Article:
During the holidays , before Halloween, Auntie Annie would have us for a visit and when she was making candy gifts for Halloween, Thanksgiving, New Years, Hanukkah and Christmas, she would often teach me how to make one of the famous candies that she worked to turn out on a daily basis at the factory. She would have huge pans of bubbling, boiling caramel. Chocolate would be melting at the front of the stove. Her idea of a double boiler was a spaghetti cooking pan with a very large bowl sitting on top. There were several of these crowding her old fashioned stove. She taught me how to make her famous Chocolate turtle clusters when I was about fifteen years old. During that visit, she also tried to teach me how to put the swirls on those fancy chocolates with creme centers, but I was a dismal failure and my attempts looked more like puckery little blobs. Those were fun and unique Autumn days and we, as little children (and all of our young friends, too), looked forward to our holiday boxes and tins of these delicious, sinful, ultimately perfect treats. I hope you like them as much as my family does.
ANNIE’S CHOCOLATE TURTLE CANDY
Equipment needed – large baking sheets, metal spoons, wooden spoons, measuring spoons, waxed paper, large metal bowls, double boiler, candy tins and boxes.
Cover baking sheets with waxed paper and grease lightly grease waxed paper with margarine.
42 candy caramel squares
3 Tablespoons butter
2 teaspoons shortening
1 teaspoon vanilla
2 cups dry roasted peanuts, unsalted (may use toasted walnuts, unsalted almonds, macadamia nuts or hazelnuts)
1 cup milk chocolate morsels or chopped milk chocolate bars
Arrange several nuts, in cluster, on baking sheet. You may use the amount you would like. Place nuts one inch apart or more from each other. Put caramel squares in the double boiler with butter and put over boiling water until completely melted, stirring constantly. When caramels are melted, remove from stove and stir in vanilla. Drop melted caramel in spoonfuls onto nuts until they are thoroughly covered. Let nut clusters cool to a firm, cool stage. Melt the chocolate and butter in double boiler over low heat, stirring constantly, until smooth. Pour melted chocolate over nut clusters and cool them on the tray until they are firm. Do not chill in refrigerator as this may discolor the candy clusters. Put in metal tins between squares of wax paper and store in a cool, dry place.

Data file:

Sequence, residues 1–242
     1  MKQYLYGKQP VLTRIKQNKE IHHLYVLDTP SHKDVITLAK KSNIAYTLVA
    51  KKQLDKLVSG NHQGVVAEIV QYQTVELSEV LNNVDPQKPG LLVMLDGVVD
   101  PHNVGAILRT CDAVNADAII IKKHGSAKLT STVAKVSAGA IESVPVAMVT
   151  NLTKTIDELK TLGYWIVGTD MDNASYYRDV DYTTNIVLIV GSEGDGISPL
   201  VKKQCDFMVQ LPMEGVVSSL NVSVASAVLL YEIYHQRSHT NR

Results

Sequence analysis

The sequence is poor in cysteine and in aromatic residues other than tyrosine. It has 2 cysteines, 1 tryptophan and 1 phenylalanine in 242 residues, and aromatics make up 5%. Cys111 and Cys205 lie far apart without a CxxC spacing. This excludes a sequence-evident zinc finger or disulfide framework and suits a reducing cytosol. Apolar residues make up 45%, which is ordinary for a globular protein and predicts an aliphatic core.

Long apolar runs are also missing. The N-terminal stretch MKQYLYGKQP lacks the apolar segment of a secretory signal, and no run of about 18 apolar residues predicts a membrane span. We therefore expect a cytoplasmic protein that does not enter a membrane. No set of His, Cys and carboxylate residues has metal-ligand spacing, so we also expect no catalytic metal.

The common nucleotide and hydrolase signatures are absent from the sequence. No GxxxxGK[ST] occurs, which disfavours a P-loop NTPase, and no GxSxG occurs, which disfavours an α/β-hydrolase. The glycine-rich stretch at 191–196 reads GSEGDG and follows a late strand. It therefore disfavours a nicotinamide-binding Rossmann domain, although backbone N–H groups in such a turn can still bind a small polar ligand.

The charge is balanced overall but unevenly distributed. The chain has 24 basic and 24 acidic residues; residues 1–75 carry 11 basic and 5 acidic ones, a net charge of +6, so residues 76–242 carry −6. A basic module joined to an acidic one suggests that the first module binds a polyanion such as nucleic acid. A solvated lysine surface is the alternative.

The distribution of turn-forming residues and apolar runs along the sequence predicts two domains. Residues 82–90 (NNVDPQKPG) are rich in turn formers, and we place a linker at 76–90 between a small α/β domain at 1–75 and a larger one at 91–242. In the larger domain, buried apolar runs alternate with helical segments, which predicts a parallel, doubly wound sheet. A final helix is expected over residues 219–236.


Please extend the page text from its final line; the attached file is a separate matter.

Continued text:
We always loved making these with my Aunt Annie and no holiday was complete without them. I plan to get started on mine in a few days for future gift giving. I wonder if my aunt haunts the old site of the candy factory these days, wandering the halls, checking on equipment, chocolate mixtures, and trekking into the factory to check on the efficiency of present day laborers.
If they hear the sound of her shoes tapping around the chocolate vats, then they know that she’s on the lookout this Halloween season.
- Properly Preparing and Melting Chocolate (berries.com)
Salem, Massachusetts lies just north of my home in the vicinity of Boston, Massachusetts on the northeastern coast of the United States. The town is steeped in early colonial history being the location of the famed Salem witch trials. To this day, the infamy of trials remains strong in the minds of New Englanders, and to the thousands of American tourists and foreign visitors who flock to Salem throughout the fall season and Halloween night on October 31st. During this time, many venues are open to visitors who come dressed in all manner of costume to visit restaurants, plays, museums, local merchants, ghost houses, and historical attractions. If you have a chance to come to Salem for a attraction or tour, don’t be surprised if you see revelers dressed as ghosts, goblins or ghoulies, witches, monsters, and vampires. You might even meet up on their fog ridden, supposedly haunted sidewalks or graveyards, the ghosts of hung trial victims or, perhaps, a wandering brain-eating zombie. Revelers abound and children and, adults as well, all enjoy the festivities that are, in thanks, mostly to the witch trials that took place there. Here is a brief, capsulized explanation of the events that took place in those harsh, superstitious times.
In 1692 at what is now Salem, 20 people were put to death and 200 were accused of practicing witchcraft. Hysteria reined in the town and the surrounding area, spreading throughout Massachusetts. It was during those early years of the colony that it was believed that the devil granted those loyal to him the power to cast spells and to bewitch the inhabitants.